20th May 2015
Lets get this out of the way first: Swans are very, very loud.
You don’t get a reputation for being the loudest band in rock, and hand out free ear buds at your shows, without some justification.
But while the volume still goes all the way up to 11 this is by no means a one-dimensional group who having reformed 5-years ago are back merely to collect a few big cheques and instead remain a unique band that continues to evolve and push back the boundaries of their craft.
As gongs and droning echoes lap over us, and band leader Michael Gira shuffles on stage, the opening phrases of ‘Frankie M’ slides into view and the inexorable swell of volume becomes increasingly obvious, almost like Swans are easing us slowly into a bath of scalding hot water.
Infamous for being somewhat truculent (Gira’s dislike of stagediving and pogoing often provoking him into leaving the stage to throw a bouncing goon to the floor), Swans burned their way out of the New York No Wave post-punk underground music scene in the early 1980s, and in the 1990s were credited with inspiring the likes of Sonic Youth and Nirvana.
Since they reconvened in 2010 for My Father Will Guide Me up a Rope to the Sky, following a 14-year hiatus, it seems the progression of the band has continued away from the more industrial edge of ealier albums Cop or Filth and on beyond their more subtle and euphoric outings in the 1990s. These days there seems to be a pseudo-religious quality to proceedings with Gira periodically ringing Buddhist bells and galvanising his congregation with outstretched arms in a manner reminiscent of a theatrical evangelist – impressive work indeed for a man who turned 61 this year.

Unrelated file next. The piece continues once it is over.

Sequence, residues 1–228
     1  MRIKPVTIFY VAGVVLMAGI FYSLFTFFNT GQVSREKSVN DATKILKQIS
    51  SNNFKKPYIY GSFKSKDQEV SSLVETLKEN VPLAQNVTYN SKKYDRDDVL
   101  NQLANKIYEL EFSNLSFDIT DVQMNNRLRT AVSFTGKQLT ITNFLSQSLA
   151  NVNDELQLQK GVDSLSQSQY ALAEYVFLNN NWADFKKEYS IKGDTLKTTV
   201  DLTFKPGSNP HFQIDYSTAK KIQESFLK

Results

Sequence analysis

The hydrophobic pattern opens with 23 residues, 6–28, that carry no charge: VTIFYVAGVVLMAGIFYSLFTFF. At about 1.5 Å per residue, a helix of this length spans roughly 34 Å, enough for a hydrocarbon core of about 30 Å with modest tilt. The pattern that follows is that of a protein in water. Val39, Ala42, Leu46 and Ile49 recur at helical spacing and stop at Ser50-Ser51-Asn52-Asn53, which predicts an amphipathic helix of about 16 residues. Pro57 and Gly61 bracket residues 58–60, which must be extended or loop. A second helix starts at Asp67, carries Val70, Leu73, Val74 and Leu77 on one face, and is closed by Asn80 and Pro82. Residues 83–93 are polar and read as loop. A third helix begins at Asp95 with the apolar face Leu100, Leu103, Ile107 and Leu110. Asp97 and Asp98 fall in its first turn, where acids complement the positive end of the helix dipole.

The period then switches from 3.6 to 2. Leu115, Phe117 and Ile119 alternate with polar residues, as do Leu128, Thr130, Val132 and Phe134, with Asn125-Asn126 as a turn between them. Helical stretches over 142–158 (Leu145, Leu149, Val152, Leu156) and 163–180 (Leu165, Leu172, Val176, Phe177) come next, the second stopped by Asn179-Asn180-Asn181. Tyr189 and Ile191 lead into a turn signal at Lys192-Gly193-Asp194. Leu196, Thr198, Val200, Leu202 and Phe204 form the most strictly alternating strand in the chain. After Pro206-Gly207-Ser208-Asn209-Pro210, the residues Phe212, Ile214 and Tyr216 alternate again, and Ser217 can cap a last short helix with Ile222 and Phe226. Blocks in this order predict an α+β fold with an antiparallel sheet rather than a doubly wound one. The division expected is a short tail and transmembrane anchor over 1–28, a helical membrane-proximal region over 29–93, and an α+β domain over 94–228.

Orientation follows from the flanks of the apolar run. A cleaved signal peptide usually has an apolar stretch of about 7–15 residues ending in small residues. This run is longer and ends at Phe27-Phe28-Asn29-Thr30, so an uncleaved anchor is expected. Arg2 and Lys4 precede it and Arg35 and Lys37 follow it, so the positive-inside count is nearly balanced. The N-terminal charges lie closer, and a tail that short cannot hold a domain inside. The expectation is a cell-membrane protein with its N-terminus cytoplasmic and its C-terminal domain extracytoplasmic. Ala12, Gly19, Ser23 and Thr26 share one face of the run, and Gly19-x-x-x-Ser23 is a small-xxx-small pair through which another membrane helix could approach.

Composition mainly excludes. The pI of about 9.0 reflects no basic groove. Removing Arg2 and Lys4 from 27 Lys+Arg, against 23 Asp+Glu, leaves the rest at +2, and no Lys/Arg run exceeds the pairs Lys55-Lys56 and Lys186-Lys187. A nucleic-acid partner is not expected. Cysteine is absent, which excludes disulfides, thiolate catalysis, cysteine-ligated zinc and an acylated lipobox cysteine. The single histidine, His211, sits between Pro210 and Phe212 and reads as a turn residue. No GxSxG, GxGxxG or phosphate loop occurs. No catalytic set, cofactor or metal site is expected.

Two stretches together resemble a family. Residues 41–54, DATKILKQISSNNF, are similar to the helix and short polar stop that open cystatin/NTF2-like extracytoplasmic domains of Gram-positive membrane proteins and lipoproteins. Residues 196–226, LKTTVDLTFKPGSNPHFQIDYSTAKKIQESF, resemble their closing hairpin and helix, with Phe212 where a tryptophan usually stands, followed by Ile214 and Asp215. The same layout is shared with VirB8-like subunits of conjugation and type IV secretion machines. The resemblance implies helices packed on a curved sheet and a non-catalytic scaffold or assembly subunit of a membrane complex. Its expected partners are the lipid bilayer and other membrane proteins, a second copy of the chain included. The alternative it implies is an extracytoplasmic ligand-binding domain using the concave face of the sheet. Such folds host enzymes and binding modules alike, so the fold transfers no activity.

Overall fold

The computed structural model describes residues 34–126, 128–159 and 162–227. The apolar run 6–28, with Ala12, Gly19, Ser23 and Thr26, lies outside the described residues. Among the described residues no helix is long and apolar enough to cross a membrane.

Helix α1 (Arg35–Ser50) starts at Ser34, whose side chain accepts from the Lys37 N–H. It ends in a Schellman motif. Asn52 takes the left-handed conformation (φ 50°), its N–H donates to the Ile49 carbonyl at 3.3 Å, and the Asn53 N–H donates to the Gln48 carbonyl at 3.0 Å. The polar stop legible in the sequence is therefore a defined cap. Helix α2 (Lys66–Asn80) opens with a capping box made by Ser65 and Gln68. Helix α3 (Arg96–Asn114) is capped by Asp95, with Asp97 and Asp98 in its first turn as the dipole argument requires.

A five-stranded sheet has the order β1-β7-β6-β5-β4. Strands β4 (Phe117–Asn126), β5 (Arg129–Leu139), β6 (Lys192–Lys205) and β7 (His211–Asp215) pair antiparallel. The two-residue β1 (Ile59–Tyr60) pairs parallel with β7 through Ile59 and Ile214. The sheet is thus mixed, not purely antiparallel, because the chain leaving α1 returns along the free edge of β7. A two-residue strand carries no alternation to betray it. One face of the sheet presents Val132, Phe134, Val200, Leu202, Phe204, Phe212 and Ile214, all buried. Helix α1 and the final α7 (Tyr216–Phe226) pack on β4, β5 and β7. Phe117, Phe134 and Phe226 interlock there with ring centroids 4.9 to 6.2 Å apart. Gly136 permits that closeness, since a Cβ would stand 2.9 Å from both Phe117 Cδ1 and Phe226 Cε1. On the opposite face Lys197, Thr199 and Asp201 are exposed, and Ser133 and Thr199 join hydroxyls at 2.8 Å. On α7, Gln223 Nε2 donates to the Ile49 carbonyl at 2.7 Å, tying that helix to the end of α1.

He and his cohorts can certainly still pull off the muscularity of songs like ‘A little God in My hand’ from 2014’s To Be Kind which boasts a wonderful hip-hop bass line hook that at this volume could break teeth.
As a man, bandleader Gira looks like an intimidating character. All stringy greasy hair, rough skin, and snake skin boots he looks like the archetypal American con. This impression is in some ways accurate for having run away from home as a teenager (to escape his alcoholic mother) by the age of 13 he had fallen into a life of drugs (everything from sniffing gasoline & glue to doing acid) and did indeed spend some time in jail, eventually getting arrested in Israel for selling hashish.
Tonight he projects an aura of cool but the fact remains he doesn’t suffer fools. Notorious for being a hard task master he has for recent tours required the band to rehearse 10 hours a day, seven days a week, for three weeks in preparation. It is this unceasing energy and drive for excellence though that has obviously kept them relevant all these years and continues to push them toward new sounds and flavours.
In a live arena the punk ethos of the band still remains. No frills, simply a band, their audience, the music and nothing more. It’s hard to even contemplate drifting off into a daydream when immersed in the sound and feel of such music. And that’s the point of the cacophony in itself. Not as a gimmick or USP but rather as a shared spiritual experience with the audience, like monks chanting at prayer.
Unbowed Swans continue to inspire religious like fervour from their fans and show that there is so much more to them than meets the eye.
To find out more about Swans click here.